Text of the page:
, the Carraciola wins for Mercedes-Benz in the TT of 1929, and the 1930 Irish Grand Prix (for sports cars).
Old No 7
A Bentley racing story that deserves to be told in some detail, concerns the Le Mans race of 1927, when the 3 litre cars were entered for the last time. A prototype 4.5 litre was also part of the team. The drivers of one 3 litre, S. C. H. Davis
and Dr J. D. Benjafield, performed deeds that have become legendary, contending against really intimidating odds. The "great crash" at White House Comer took place in darkness, and no less than six cars were wrecked. The road was blocked by the first two machines to crash, and the other four cars plunged into the wreckage. No driver sustained serious injury, but badly smashed were a French four-seater, three cars of the Bentley team, and two more French cars, a Schneider and a S.A.R.A. S. C. H. Davis
reversed his damaged 3 litre (the famous "Old No 7") out of the pile-up of wrecked cars and rejoined the race.
With Benjafield, Davis
battled on for hour after hour, with a bent front axle, one headlight, badly damaged steering
, a broken front shock absorber, brakes
barely working, a flapping mudguard, and a battery
box promenading about the running-board. Heavy rain, the lack of proper steering
and brakes, and shortage of lights (after a time some officials rung a lantern on the side of the car) did not stop the drivers from lapping at racing speed. The most fantastic part of the whole story is the fact that they won!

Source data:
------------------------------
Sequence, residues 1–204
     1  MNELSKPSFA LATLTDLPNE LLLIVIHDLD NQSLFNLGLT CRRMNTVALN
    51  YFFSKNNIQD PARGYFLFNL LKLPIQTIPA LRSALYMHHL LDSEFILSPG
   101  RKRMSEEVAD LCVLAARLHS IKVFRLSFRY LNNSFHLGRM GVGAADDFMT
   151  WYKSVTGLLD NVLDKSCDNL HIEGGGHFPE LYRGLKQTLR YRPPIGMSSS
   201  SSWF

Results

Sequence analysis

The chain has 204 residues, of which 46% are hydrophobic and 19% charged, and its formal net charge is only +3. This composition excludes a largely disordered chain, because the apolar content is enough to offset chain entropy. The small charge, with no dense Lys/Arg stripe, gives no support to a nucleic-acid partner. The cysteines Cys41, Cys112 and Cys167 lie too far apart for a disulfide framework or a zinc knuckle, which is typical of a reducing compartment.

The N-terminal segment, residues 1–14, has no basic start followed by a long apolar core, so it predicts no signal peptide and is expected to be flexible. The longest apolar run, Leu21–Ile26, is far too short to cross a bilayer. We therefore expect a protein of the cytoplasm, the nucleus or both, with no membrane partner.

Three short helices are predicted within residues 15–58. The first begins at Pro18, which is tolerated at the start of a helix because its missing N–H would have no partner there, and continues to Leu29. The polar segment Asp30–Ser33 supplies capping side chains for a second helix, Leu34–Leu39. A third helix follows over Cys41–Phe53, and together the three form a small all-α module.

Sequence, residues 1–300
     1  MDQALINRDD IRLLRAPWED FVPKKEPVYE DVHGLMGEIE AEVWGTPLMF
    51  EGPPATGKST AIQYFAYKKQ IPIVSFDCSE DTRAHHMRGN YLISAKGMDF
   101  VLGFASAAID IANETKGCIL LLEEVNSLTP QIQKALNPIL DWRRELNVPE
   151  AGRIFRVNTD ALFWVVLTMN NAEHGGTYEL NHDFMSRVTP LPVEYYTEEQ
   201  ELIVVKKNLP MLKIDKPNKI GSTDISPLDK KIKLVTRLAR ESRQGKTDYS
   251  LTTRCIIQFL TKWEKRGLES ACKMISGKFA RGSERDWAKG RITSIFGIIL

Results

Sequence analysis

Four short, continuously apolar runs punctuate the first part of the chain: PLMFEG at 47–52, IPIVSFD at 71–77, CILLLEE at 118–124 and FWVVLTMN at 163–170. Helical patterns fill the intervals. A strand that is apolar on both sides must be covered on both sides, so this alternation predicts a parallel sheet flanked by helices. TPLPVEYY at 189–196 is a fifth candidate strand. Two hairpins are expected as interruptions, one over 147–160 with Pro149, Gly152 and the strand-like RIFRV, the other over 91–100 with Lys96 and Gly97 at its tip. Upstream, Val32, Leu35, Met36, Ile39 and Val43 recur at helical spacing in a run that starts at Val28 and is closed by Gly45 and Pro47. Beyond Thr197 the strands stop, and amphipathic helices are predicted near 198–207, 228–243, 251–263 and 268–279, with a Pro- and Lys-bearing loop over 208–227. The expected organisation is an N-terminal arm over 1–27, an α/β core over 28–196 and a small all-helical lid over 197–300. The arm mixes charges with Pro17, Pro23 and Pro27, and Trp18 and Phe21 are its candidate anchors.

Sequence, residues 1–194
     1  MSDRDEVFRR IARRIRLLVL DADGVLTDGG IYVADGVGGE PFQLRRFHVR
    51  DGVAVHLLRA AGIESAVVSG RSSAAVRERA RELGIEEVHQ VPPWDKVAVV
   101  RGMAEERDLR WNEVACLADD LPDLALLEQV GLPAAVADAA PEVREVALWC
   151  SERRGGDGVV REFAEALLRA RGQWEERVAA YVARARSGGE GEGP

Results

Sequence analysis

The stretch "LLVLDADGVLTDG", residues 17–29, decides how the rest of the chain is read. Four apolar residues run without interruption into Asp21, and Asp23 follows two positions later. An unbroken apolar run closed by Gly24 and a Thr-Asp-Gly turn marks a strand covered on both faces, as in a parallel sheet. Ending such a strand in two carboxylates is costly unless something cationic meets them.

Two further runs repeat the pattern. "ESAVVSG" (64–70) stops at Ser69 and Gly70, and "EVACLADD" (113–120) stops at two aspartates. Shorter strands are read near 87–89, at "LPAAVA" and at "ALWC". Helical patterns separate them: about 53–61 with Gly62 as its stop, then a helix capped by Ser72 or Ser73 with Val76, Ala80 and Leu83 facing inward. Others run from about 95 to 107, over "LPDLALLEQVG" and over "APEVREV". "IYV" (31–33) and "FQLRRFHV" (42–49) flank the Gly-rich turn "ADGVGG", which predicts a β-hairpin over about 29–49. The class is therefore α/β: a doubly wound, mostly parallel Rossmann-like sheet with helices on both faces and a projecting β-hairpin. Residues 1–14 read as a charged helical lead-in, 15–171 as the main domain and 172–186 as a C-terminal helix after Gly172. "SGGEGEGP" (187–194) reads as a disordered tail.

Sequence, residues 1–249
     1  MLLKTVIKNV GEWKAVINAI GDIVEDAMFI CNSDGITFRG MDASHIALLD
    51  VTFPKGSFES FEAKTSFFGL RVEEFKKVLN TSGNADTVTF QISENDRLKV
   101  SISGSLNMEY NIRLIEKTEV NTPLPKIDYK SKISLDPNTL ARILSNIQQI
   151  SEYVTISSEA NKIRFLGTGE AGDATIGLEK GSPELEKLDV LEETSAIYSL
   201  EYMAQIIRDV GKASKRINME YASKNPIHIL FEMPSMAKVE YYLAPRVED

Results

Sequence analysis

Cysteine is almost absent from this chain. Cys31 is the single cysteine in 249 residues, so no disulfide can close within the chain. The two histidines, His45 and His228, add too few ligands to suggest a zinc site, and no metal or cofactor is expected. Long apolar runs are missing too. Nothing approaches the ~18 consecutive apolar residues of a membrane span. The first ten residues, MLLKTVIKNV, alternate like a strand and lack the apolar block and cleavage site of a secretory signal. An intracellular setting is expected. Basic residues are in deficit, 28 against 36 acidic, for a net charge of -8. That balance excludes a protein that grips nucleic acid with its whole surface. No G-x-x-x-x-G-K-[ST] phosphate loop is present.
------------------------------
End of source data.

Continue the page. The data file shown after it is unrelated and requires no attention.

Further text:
Davis and Benjafield could not, of course, come up on the leader the famous French driver Jean Chassagne, and pass him, but they did press him to the point that he was forced to keep speeding up until his engine blew up. A celebration dinner was held in London's Savoy Hotel, and "Old No 7" was driven into the room, engine roaring and one headlight blazing, in the same state as it had left the crash at White House Corner. All this was a complete surprise for the Bentley drivers. We would love to perpetuate the myth that Jack Daniels was the drink used to toast the drivers, thus the Old No 7 used to market the whisky - but then you would not believe anything else you read on the site. Or would you?
The Green Label Bentley
Identification of a Bentley can be seen in the separate sump cars, which are pre-1925, and those with two-wheel brakes, pre-1924. Some "Speed Models" were to be created in later years when owners shortened the chassis to imitate the rare genuine "Green Labels". Only 1620 3 litre Bentleys were made - and in the mid 1960s registration records indicate that some 300 were still on the road in Britain alone. As for warranty periods, all Bentleys carried a five year guarantee. Incredible given that many car makers today will not offer this. These days the famous 4.1 litre Bentley is widely regarded as the best Bentley of all - or that is what we have learnt from the few enthusiasts we have spoken with. These cars date back to 1927-28. The close-ratio four speed gearbox was excellent, and the final drive high for a car from this era, at 3.53 to 1.
The chassis was often described as built like a battleship, the 4.1 Bentleys manners at high speed and under all conditions have been accepted as above reproach for a pre-war car. It had first-class brakes, of the self-wrapping type put on to all Bentleys after 1928. The clutch was a less pleasant device than the antique cone-clutch of the 3 litre, and it was a modern single-plate type. The 100 by 140 bore and stroke, very large figures for a four cylinder car, gave a capacity of 4398cc. In standard form 110 bhp could be expected, and a speed of 90 mph. In 1928 such figures were sensational. Many of the 670 unsuper-charged 4.1 litre cars that were made found a good home and were preserved, however we have no numbers on what survives to this day.